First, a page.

Company Scapegoats and Culture Killers: Part 2

By: Chad Allen

What is a company scapegoat? When things are going wrong it’s common to blame the culture killers for lack of productivity, stalled progress, and inefficiencies. If you did not read Part 1, click here. Does this sound familiar?

Communication gone south and dropped balls are common in business, but how you navigate those and hold people accountable is critical. The company scapegoat is usually someone who is guilty of missing the details, losing progress on goals, and not having a great follow-up. When things go wrong, it’s common to place blame. This person can also be extremely high functioning and a great asset in some areas, but maybe he or she clashed with others high up in the organization. Any inkling of failure gets defaulted to this person.

This is a horrible practice and is far too common in a business with an unhealthy culture. This tends to be an issue from the higher ranks and it spills to management and becomes a breeding ground for widespread organizational disfunction.

Some things you might notice against management doing against this person include:

  • Making a case against someone
  • Creating an atmosphere of seriousness and urgency around this person
  • Keeping secrets
  • Creating overly rigid rules to monitor this person
  • Gossip
  • Triangulation
  • Blocking the scapegoat from developing close relationships
  • Overreaction
  • Filter out any good and only focus on negative behavior

In a toxic culture, people will feel forced to go along with this type of mistreatment. And that’s exactly what it is - complete and utter failure on the part of those in charge. Scapegoats are unethical. unnecessary, and cause a lot of damage to the targeted person and those who watch in silence.

If someone is killing your culture, the better way to mitigate issues would be:

  1. Create a culture of accountability where everyone is on the same playing field with objectives, measurables, and how they account for time and productivity. If goals aren’t met, it’s black and white and everyone is treated fairly.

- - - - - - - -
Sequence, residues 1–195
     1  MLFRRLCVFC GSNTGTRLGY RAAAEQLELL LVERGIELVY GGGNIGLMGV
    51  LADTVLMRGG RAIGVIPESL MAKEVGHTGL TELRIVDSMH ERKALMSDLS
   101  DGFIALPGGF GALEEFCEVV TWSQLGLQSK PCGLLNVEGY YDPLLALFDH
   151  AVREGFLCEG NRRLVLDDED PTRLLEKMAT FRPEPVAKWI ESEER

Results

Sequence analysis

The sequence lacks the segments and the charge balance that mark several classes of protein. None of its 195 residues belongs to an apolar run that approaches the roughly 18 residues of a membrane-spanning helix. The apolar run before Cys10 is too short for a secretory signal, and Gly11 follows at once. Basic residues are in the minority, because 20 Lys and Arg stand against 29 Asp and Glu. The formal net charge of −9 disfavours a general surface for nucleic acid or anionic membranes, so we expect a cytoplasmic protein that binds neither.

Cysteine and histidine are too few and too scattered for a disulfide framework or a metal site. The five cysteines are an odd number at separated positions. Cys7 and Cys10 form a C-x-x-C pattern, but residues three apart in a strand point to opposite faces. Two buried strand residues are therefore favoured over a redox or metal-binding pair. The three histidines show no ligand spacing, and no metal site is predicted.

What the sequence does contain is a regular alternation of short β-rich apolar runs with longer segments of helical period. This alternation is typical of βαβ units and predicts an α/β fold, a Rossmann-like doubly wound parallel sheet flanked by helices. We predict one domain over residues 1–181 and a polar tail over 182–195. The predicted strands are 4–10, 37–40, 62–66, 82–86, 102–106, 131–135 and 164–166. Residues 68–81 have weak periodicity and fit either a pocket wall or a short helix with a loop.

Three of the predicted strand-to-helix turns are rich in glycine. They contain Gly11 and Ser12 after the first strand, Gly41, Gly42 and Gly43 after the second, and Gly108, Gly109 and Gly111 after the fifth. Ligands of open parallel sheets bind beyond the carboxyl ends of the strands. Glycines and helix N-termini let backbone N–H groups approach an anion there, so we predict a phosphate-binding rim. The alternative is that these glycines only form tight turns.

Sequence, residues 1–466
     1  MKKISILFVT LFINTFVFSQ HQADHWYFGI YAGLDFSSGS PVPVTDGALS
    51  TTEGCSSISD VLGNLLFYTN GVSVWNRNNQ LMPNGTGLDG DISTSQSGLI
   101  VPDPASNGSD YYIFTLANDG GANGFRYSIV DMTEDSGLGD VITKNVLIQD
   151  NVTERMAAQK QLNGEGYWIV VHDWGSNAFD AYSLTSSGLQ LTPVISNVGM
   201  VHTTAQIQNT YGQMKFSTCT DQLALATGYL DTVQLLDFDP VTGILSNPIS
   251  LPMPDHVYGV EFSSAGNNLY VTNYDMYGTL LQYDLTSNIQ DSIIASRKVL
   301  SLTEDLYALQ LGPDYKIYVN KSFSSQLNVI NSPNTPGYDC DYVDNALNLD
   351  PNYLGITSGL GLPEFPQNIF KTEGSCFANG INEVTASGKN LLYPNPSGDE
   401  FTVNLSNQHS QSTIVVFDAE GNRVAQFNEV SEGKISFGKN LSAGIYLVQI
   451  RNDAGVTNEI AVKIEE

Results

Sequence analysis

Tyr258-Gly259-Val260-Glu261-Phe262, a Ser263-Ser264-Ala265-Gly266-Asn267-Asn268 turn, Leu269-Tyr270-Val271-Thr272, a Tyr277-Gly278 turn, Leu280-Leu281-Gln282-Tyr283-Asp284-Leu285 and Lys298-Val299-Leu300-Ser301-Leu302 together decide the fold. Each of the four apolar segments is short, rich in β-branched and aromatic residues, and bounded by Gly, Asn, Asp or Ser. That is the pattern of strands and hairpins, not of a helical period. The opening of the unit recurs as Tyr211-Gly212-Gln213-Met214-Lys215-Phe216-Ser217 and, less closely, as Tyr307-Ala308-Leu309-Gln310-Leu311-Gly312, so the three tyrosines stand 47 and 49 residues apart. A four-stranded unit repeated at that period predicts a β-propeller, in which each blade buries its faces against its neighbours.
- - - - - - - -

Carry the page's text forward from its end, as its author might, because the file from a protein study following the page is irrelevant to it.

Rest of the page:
2. Be open and honest with people about company initiatives and pain points in the organization. Invite people to be part of the solution.
  3. Take accountability at this highest level. If you’re in charge, act like it.

To avoid cultural issues from arising and spreading, it is best to cultivate a positive environment. It doesn’t have to be perfect, but it does have to provide satisfaction to all members of the company. When members of a company have less stress and are overall happy where they work, then employee loyalty increases dramatically on every level. Don’t expect your efforts to better company culture to work overnight, but soon you will see a dramatic shift in communication, morale, and attitude within your company. Some ways that you could better the work environment include:

  • Bettering employee perks, bonus’, raises, etc.
  • Make employee wellness a priority, both physical and mental.
  • Create goals and celebrate the accomplishment as a team, not as individuals.
  • Foster social connections through work parties, lunches, etc.
  • Listen to your employees and co-workers. Most of the time miscommunication is the root of toxic relationships.
  • Address mistakes respectfully.

Company scapegoats and culture killers will be out there, but it is the job of the business owner to identify and correct these happenings. What tips do you have on creating a better company culture? Tweet us @Pulsegroupb2b with your answer!